Pro Tip: Relationships and Getting GigsAfter my band gigged at one winery, I set my sites on another one. When I contacted them by email, I mentioned our recent performances at their neighboring winery. By the time I had a second venue on the past gigs resume, I pursued a third one, and so on and so on. Today, it’s easy to show the venues that you’ve played on your band website and/or Facebook Page.

It’s also a great idea to ask for references ahead of time. If you’re confident that a venue was happy with your past performances, ask if they can give you a reference. Even better, ask for a testimonial that you can post on your band website or Facebook Page.

Schmoozing isn’t just for gig prospects. It’s also a great thing to do with the venues you currently play. If you haven’t yet noticed, the landscape of live music is always changing. A venue could close it’s doors, but your key contact could land at another desirable venue. If you have a good relationship with the booking contact of a recently closed venue, you’re likely to get booked at the new venue. In another scenario, a venue contact could leave your best venue, but if you have good relationship, you could again end up with a new venue booking. All of this has happened to me. Every relationship matters, and relationships are built on schmoozing and actual friendships. And for those of you who are actually touring and selling your music the same apparently applies. As stated in this great article on dealing with relationships in the music business, timing is everything. Hess also wisely suggests that learning to keep rejection in perspective is a must. This is true every musician.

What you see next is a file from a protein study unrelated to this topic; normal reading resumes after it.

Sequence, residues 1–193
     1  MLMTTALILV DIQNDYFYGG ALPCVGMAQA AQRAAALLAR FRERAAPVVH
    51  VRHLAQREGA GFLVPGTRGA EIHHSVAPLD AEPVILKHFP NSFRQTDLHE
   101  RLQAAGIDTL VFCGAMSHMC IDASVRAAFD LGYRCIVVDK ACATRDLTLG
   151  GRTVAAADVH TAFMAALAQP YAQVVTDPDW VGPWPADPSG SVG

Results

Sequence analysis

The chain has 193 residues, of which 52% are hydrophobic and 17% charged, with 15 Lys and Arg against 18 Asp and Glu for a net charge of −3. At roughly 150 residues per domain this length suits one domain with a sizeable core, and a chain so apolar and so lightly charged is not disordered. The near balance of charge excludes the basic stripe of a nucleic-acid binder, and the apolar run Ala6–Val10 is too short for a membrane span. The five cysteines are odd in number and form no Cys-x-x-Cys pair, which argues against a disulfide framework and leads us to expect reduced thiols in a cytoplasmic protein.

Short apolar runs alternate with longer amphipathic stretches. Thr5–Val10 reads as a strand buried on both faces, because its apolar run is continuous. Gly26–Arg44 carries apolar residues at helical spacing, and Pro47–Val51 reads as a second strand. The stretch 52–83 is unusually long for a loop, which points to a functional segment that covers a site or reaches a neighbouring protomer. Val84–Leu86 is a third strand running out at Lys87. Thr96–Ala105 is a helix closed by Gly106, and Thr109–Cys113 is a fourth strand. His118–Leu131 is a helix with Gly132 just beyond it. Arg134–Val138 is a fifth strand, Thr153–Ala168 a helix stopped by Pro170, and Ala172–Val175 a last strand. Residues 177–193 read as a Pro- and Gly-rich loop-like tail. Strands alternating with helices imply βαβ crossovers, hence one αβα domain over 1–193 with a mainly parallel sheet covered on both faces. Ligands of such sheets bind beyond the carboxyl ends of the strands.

My homies in Redwood. This is a prime example of my own quality relationships. These people have definitely contributed to my success in getting paid gigs as a musician.

Venues

Are you engaging venues in person? How about spending some occasional quality time with fellow band members and/or those who may want to hire you? Here are some more ideas.

  • Organize a happy hour, lunch, or dinner with friends. Try to do it on at a time when your booking contact and influencers are at the venue. Spending a little money at the venue is like showing a little love.
  • Ask for a meeting with the venue contact, or just ask them if you can pop by to show them your latest promotional stuff or press kit.

Fellow Band Members

  • Organize a happy hour, lunch, or dinner. You’ll know what to do when you get there.
  • Go see another band together.
  • Host a BBQ or some other type of casual get-together.

The idea is to get some face time, and nurture the relationship. All with sincere intention, of course. We all have a working BS meter, so be genuine and forthcoming about your motives. With venues, just tell them you’re interested in working together, or express appreciation for the existing working relationship, whichever the case may be. With fellow band members, you shouldn’t have to explain. You just want to reinforce the friendship and foster the creative spirit that you share.

I hope that I’ve impressed upon you that it’s worth the time to make go out and make some new friends and to be a great friend. While it seems so obvious, it’s amazing how much impact quality relationships has on getting paid musician gigs. Need more ideas, or wanna share some with me? Leave a comment below, or shoot me a private message via my Contact page.